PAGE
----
When the circuit breaker is open and is to be closed, tie bar 96 is shifted to the right and the pivots 49 of the several poles are swung clockwise in unison about the common axis of the respective shafts 48. Moving arcing contact arms in each pole Wipe across and engage the companion contacts 18 as the complementary carnming surfaces 56a, 84o formed thereon cooperate to deflect the moving arms 54 to each side of the stationary contact. The continued movement of the arcing contact arms 54 is arrested by the engagement of the ends of the arms and the insulators 90 (FIG. 3). During the inward movement the moving arcing contacts 56 in each pole engage the companion contacts and nuts 100l lift from shaft 78 as pivot shafts 49 continue their travel to the right. Thereafter, the moving cont-act arm 30 engages its companion contact members 20 in each of the poles of the breaker. Drive or tie bar 96 continues for a short distance after initial engagement of the main contacts 28 and 32, building the contact pressure up by shifting the main contact 28 to the right, and increasing the compression that is maintained initially in springs 24 by ears 34 and pin 36.

The aforedescribed construction of the moving contact and stationary arcing contact results in the elimination of the problems attributable to blow-off of the arcing contacts at the time that the short-circuit current is transferred from the main contacts to the arcing contacts without a substantial increase in the normal operating force required to close the circuit breaker. The pinch-eifect enhances the contact pressure between the moving arcing contacts and stationary arcing contact at a critical time during the opening of the breaker without requiring the addition of complex structures to the moving or stationary assemblies,

The term circuit breaker as used in this application applies to apparatus intended to carry high currents and to interrupt currents of short-circuit magnitude; and accordingly the term circuit breaker is used in a generic sense, to apply also to switches having similar duty requirements.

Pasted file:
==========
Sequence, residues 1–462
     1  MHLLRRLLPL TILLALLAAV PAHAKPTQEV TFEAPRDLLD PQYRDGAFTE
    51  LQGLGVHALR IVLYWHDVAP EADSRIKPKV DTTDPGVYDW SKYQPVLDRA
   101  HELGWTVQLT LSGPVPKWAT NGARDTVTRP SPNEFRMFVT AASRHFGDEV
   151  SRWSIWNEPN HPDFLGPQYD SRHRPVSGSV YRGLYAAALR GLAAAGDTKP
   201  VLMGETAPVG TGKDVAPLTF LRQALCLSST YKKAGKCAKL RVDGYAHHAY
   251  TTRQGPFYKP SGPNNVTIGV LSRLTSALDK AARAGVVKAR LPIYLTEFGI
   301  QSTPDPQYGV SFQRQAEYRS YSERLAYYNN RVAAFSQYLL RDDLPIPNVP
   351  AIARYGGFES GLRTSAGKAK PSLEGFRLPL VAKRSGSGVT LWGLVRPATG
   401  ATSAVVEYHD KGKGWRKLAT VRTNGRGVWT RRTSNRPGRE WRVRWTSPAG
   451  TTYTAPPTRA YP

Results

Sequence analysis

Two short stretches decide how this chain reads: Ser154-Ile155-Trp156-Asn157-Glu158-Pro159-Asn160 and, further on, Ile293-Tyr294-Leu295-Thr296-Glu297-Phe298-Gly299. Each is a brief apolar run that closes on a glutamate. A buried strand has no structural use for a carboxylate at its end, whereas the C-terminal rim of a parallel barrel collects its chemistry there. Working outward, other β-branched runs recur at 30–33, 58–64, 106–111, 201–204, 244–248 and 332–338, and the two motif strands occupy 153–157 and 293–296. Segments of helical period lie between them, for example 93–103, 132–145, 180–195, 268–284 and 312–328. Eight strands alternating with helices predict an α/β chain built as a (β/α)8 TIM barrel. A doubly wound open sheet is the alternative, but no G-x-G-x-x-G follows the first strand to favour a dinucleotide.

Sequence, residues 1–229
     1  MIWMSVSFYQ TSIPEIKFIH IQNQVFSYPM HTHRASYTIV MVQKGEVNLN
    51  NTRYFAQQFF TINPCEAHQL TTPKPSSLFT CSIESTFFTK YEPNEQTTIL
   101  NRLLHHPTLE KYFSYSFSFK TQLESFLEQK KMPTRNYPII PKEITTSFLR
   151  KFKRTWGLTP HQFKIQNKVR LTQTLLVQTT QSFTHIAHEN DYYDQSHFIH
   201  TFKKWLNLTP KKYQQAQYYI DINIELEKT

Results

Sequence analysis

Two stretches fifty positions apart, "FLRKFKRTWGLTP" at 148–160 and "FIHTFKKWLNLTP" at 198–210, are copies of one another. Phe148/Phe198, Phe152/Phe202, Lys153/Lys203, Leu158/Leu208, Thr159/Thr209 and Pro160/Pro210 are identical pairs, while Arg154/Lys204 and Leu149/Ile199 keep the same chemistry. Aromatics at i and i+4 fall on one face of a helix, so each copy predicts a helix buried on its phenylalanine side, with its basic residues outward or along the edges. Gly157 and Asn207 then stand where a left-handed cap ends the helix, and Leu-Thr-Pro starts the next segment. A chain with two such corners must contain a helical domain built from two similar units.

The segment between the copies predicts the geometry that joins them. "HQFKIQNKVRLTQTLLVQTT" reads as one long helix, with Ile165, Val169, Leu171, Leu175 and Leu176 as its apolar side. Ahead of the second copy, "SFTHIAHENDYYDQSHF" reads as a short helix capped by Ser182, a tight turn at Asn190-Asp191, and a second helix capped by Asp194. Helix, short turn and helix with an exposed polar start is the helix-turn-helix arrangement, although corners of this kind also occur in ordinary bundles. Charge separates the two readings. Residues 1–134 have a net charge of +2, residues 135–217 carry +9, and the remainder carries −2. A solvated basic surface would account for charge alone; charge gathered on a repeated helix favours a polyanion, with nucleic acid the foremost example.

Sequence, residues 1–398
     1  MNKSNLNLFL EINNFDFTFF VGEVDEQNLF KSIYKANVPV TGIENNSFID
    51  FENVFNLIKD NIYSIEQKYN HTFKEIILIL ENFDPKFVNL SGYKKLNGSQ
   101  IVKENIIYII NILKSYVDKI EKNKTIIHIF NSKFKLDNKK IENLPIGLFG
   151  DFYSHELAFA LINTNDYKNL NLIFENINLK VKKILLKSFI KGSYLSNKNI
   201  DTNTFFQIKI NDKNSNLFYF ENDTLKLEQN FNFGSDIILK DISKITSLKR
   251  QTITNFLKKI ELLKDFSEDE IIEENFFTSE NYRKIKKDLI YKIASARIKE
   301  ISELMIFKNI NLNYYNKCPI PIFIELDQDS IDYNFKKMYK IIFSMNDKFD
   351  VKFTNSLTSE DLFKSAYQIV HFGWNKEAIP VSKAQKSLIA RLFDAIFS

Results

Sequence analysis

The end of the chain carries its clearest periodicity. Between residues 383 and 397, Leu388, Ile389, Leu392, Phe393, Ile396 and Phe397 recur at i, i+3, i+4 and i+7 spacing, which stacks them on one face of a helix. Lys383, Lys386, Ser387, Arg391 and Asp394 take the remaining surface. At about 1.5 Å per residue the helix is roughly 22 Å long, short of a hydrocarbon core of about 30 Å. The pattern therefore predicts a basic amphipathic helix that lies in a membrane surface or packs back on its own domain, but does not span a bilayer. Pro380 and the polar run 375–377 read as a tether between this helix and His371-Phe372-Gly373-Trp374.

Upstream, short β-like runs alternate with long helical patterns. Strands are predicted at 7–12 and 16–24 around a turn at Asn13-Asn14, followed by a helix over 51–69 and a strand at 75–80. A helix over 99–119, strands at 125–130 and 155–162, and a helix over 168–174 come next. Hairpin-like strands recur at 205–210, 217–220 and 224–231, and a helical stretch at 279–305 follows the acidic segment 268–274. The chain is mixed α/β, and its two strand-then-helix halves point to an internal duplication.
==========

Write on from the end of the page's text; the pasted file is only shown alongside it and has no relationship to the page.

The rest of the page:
The foregoing represents the presently preferred form in which the various aspects of the invention may be applied. However, various modications will readily occur to those skilled in the art and, therefore, the invention should be broadly construed in accordance with its full spirit and scope.

What I claim is:

1. A circuit breaker including first and second terminal members, a movable main contact arm, a pair of relatively elongated slender resilient arcing contact arms pivotally mounted on said main contact arm, companion main contacts and a companion arcing contact electrically connected to said first terminal member, means pivotally mounting said main contact arm for movement from a closed position wherein said main contact arm abuts said companion main contacts and said arcing contact arms straddle said stationary arcing contact and are in lateral face engagement therewith to an open position, a driving link connected to said main contact arm for moving said -main Contact arm and said arcing contact arms between said open position and said closed position, means electrically connecting said main Contact arm to said second terminal member, said resilient arcing contact arms being urged toward one another against the lateral faces of said companion arcing contact to enhance the contact pressure therebetween by electrodynamic forces due to high currents flowing through said arcing contact arms when said main contacts part.

2. A circuit breaker according to claim 1 wherein the portions of said arcing contact arms that engage the stationary -arcing contact are spaced apart a given distance in the open position and are biased further apart by the interposition of said stationary arcing contact therebetween to thereby build contact pressure between the arcing contact arms and said stationary arcing contact.

3. A circuit breaker according to claim 2 wherein said portions of said arcing contact arms that engage said stationary arcing contact and the leading edge of said stationary arcing :contact are provided with complementary camming surfaces for inteiposing said stationary arcing conta-ct between said pair of arcing contact arms.

4. A circuit breaker according to claim 1 wherein means are provided adjacent the lateral surfaces of said stationary arcing contact for limiting the extent of engagement between said arcing contact arms and said stationary contact.

5. A circuit breaker according to claim 4 wherein said contact engagement limiting means are formed of insulation.